Friday, June 11, 2010
A brush with academia
When you've been published on the internet, but don't always know how far your work has disseminated, it's a fun exercise to google yourself with certain key words. Of course, you don't have to be published to google yourself -- you just probably won't find quite as many hits.
So yeah, I google myself somewhat regularly. I'm consistently bemused by how the algorithm works. For example, when you google only my name and the name of the website I write for, the first hit you get is the plot synopsis I wrote for The Rocky Horror Picture Show, years ago. Why? Who knows?
(For the record, I have not been writing for this website since 1975, when The Rocky Horror Picture Show came out. I mean, there are all kinds of problems with that -- I was two years old, and no one had any idea what the internet was back then. I believe I wrote this synopsis back in 2001, and it was probably to replace a shoddy temporary synopsis that was serving as filler on the Rocky Horror page.)
I was googling myself with my name, my site name, and one more key word (which I won't tell you, because then you'll find me!!) about a week ago, and came across one of these really funny contexts in which my name unexpectedly appears.
It was for a book on the environment as presented in popular film, written by a man and a woman who each use their middle initial -- making it sound quite snooty and academic indeed. The web page included a lengthy dissertation encapsulating the topics discussed in the book, seeming to spend an inordinate amount of time (perhaps correctly) on Roland Emmerich's The Day After Tomorrow. After this intro, it gives a breakdown of the contents of each chapter.
And at the bottom, in a lengthy "Works Cited" section, it includes my review of the film Eight Legged Freaks.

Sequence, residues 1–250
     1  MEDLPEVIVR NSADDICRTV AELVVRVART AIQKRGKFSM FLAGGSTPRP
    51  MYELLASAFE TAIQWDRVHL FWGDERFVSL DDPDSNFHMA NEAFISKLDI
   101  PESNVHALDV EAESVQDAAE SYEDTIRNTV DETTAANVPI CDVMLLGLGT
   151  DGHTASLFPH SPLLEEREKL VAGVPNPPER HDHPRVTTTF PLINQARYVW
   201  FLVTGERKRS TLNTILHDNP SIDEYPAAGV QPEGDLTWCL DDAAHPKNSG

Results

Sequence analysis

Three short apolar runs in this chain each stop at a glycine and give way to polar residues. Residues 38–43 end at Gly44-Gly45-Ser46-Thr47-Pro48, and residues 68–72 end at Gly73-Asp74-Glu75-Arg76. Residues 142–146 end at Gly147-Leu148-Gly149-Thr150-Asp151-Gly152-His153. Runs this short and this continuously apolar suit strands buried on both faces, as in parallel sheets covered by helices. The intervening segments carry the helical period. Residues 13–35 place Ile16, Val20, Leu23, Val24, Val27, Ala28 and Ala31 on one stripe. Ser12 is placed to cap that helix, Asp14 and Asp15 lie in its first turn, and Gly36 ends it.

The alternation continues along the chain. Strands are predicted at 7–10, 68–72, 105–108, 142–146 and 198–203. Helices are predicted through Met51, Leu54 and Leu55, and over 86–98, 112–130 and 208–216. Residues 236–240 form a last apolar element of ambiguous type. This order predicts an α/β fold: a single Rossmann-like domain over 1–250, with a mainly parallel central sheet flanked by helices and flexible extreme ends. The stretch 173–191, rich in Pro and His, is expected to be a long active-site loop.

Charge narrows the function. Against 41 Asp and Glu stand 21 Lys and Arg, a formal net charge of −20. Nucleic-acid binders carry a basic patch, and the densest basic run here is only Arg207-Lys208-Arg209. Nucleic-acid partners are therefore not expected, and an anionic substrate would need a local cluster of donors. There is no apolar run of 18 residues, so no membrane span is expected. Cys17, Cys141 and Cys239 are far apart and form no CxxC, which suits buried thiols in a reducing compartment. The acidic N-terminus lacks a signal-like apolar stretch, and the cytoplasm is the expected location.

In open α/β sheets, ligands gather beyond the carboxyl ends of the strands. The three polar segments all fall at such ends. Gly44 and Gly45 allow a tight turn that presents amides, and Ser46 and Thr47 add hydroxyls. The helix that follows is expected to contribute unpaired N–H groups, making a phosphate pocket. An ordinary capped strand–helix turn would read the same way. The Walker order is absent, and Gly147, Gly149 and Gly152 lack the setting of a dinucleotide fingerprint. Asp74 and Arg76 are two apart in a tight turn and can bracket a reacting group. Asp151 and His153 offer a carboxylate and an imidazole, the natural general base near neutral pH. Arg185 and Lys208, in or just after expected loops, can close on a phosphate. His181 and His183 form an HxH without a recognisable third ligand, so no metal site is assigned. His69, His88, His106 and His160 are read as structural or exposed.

I laughed out loud when I saw this. In fact, I would abbreviate that GLOL -- "genuinely laughed out loud." (I think the term LOL is too often used in situations where the person did not actually LOL.)
I scoured the document for the specific reference to me and my review, but found it only in the works cited section. I do know that Chapter 6 is the chapter they discuss Eight Legged Freaks, so I guess I'll have to get my hands on that book if I want to get to the bottom of what I said that was so interesting.
I mean, it's not the most inspired review I've ever written. I basically just spend 300 words ripping the movie. I've got some clever zingers in there, but nothing you'd think would have grabbed the attention of academics trying to write a serious consideration of environmentalism in cinema. I could see them using Eight Legged Freaks as a source material for their book, but my review specifically? It's absolutely baffling.
Then the obvious question is: Do I need to get my hands on this book? Is it worth the price of the book and the cost of shipping just to read the one sentence in the chapter that references my review? Because this isn't the kind of book I'm going to be able to just walk into Barnes & Noble and pick up.
But maybe it's more than a sentence. Maybe the entire chapter waxes philosophic about my unparalleled ability to tear Eight Legged Freaks a new asshole.
The thing that really gets me is that I don't really have a perspective on this film's badness. I attack all of its rotten components about equally. And for sure, I don't say anything that could be construed as a comment on the film's environmental message, or lack thereof.
So maybe it's just a case of over-crediting. Maybe they read my review, were not directly influenced by it, but were trying to cover their asses, so they thought they should include it. That's distinctly possible, as I'm one of 113 different sources they cite. Incidentally, two former writers for the site are also cited: one for his review of 2 Fast 2 Furious, and one for his review of Tulsa. The plot thickens.
Well, Al Gore and Roger Ebert are also cited, so maybe I should just be satisfied rubbing elbows with these luminaries in the context of academic inquiry, and leave it at that.